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People v. Williams

SUPREME COURT OF THE STATE OF NEW YORK APPELLATE DIVISION: SECOND JUDICIAL DEPARTMENT


March 3, 2009

THE PEOPLE, ETC., RESPONDENT,
v.
TAIQUAN WILLIAMS, APPELLANT.

Appeal by the defendant from a judgment of the Supreme Court, Queens County (Cooperman, J.), rendered April 12, 2007, convicting him of murder in the second degree, attempted robbery in the first degree, criminal possession of a weapon in the second degree, and tampering with physical evidence, upon a jury verdict, and imposing sentence.

Published by New York State Law Reporting Bureau pursuant to Judiciary Law § 431.

This opinion is uncorrected and subject to revision before publication in the Official Reports.

STEVEN W. FISHER, J.P., ANITA R. FLORIO, THOMAS A. DICKERSON and ARIEL E. BELEN, JJ.

(Ind. No. 393/05)

DECISION & ORDER

ORDERED that the judgment is affirmed.

The defendant's contention that the court erred in allowing a detective to testify that he arrested the defendant after interviews with two potential suspects who did not testify at trial is unpreserved for appellate review (see CPL 470.05[2]; People v Martin, 261 AD2d 488; People v Elliott, 256 AD2d 418; People v White, 210 AD2d 271; People v Cummings, 109 AD2d 748, 749-750). In any event, any error was harmless, as there was overwhelming evidence of the defendant's guilt, which included both a written and a videotaped confession, and no significant probability that the alleged error contributed to the defendant's conviction (see People v Crimmins, 36 NY2d 230, 241-242; People v Ruis, 11 AD3d 714; People v Latta, 295 AD2d 449; People v Elliot, 256 AD2d 418).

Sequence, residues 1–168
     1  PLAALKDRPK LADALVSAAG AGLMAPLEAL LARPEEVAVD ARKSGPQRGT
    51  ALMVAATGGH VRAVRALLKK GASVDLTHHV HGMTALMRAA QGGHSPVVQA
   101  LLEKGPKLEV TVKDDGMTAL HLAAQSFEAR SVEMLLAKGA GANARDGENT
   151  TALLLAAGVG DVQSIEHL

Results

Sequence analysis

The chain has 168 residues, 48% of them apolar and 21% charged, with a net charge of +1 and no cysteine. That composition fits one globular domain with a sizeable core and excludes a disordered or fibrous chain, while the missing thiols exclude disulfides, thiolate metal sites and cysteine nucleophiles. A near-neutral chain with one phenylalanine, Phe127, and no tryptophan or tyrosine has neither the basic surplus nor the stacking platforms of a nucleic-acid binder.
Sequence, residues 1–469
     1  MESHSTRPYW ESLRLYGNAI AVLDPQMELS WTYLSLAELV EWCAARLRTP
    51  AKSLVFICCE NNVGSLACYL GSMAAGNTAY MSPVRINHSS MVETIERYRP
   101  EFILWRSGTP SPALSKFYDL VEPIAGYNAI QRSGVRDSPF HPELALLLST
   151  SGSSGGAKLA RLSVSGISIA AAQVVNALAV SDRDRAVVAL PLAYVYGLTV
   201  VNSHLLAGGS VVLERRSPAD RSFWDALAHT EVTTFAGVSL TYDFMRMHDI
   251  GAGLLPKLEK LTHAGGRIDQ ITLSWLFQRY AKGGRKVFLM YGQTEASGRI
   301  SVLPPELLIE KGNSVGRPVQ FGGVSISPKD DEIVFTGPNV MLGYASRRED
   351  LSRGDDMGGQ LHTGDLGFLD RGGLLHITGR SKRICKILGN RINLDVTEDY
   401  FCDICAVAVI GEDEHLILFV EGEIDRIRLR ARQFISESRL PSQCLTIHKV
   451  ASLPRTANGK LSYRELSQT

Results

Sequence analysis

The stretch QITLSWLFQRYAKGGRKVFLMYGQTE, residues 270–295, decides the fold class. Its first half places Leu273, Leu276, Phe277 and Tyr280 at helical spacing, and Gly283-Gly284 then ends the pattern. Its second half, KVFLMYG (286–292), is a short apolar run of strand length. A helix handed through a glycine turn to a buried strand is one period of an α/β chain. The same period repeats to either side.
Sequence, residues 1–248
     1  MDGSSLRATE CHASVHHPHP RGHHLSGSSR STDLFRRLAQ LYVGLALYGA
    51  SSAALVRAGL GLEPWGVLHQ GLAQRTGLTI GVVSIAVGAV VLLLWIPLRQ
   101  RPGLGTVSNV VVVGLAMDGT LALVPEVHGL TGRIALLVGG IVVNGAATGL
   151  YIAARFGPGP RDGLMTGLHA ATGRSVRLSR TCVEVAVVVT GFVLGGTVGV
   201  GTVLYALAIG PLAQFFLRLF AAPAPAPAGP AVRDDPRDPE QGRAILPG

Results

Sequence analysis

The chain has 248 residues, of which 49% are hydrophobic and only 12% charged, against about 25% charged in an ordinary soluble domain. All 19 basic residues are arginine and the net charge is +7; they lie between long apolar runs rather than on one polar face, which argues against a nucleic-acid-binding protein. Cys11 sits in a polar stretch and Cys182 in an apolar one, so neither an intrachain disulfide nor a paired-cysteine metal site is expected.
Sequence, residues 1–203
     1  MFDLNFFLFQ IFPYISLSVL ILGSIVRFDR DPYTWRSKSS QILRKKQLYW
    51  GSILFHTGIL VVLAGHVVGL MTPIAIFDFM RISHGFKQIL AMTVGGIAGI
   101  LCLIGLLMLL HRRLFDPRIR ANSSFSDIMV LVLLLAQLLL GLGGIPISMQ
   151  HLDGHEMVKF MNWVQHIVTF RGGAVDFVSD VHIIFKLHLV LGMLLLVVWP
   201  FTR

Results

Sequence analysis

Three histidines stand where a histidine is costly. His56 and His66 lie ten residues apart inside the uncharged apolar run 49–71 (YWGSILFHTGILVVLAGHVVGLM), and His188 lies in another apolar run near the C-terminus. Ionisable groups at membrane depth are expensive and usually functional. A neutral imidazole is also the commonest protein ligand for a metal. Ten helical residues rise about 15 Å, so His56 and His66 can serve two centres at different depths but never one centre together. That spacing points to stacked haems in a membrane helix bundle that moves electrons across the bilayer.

The defendant's contentions that the court erred in admitting certain testimony by the decedent's wife and the medical examiner are unpreserved for appellate review. In any event, any error in admitting such testimony was harmless, as there was overwhelming evidence of the defendant's guilt and no significant probability that the error contributed to his conviction (see generally People v Johnson, 57 NY2d 969, 970; People v Crimmins, 36 NY2d 230, 237; People v Nunez, 55 AD3d 756).

The defendant received meaningful representation (see People v Benevento, 91 NY2d 708, 713-714; People v Baldi, 54 NY2d 137, 147).

Contrary to the defendant's contention, the court did not err in refusing to charge the jury as to the affirmative defense to felony murder (see Penal Law § 125.25[3]; People v Lawrence, 1 AD3d 625; People v McNeely, 222 AD2d 611; People v Diaz, 177 AD2d 500).

The defendant's remaining contentions are unpreserved for appellate review and, in any event, are without merit.

FISHER, J.P., FLORIO, DICKERSON and BELEN, JJ., concur.

20090303

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